The results are in from a recent electric bike survey: 55% of those surveyed had ridden a traditional bike weekly or daily. That jumped to 93% after they bought an e-bike!
6% of those surveyed had not ridden a bike as an adult. With an electric bike, 89% of those now ride daily or weekly!
Those are just a few of the stats from an e-bike survey that was directed by John MacArthur, Sustainable Transportation Program Manager at the Oregon Transportation Research and Education Consortium (OTREC). John is also a research associate at Portland State University (PSU).
Mr. MacArthur recently presented the survey results and some general e-bike education in a webinar called ” E-Bikes: Generating the New Wave of Cyclists”. The webinar was presented to the Initiative for Bicycle & Pedestrian Innovation (IBPI) group that OTREC & PSU promotes.
From these results it is evident that more people are riding bikes more often with electric assist.
And here are some other interesting stats from the survey:
35% don’t avoid hills on their electric bike and 31% take a more direct or higher traffic route. 30% say they take a lower traffic or less direct route.
73% ride to different destinations on their e-bikes than they did on a standard bike.
Here are some of the comments from the survey participants on how an electric bike has helped them:
“To replace 95% of car trips and make commuting fun”
“To encourage me to ride longer distances and be able to keep up with family & friends who were more fit”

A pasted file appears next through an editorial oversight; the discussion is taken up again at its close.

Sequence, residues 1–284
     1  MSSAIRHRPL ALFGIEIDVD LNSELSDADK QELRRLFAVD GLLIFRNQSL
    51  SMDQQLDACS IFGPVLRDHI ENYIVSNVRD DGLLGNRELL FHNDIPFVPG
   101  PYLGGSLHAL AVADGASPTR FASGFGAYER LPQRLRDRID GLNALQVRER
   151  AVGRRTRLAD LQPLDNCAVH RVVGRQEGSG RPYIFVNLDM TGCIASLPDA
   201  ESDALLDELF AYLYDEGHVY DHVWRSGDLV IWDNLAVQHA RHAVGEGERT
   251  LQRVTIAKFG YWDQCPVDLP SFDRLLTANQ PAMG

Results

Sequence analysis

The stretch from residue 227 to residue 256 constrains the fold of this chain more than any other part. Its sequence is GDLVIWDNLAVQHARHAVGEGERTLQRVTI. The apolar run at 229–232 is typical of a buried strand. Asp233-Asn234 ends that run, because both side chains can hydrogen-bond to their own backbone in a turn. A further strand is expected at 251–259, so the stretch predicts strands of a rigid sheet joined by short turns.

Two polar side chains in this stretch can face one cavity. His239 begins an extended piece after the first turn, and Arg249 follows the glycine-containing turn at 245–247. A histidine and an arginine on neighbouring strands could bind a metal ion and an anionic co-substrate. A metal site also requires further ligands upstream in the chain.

“I use the e-bike primarily as a substitute for the car where I would have otherwise have driven a car. I can carry my son and a week’s worth of groceries.”
“I have bad knees( I’m retired, 68 years old). If I pedal a bike my range is limited by pain to about 5 to 6 miles. The e-bikes has a range per charge of 30 to 35 miles.”
Here is the slide show of the webinar:
And here is the video version of the webinar with John MacArthur presenting:
Mr. MacArthur’s research does not stop here. “Drive Oregon and Kaiser Permanente Northwest have developed a program to give e-bikes to Kaiser employees at three Portland region campuses for trial use. The program’s primary goal is to test user acceptance of electric-assist folding bicycles (IZIP E3 Compact) as a first/last mile commuting solution and be able to communicate positive stories to a broad range of workplaces to help reduce single occupancy vehicle (SOV) use.”
“This e-bike evaluation study can provide valuable insight into the potential market, user characteristics and barriers to adoption.”
So what do you think? Do the results of this survey correlate with your e-biking experiences?
Please leave your comments in the section below.
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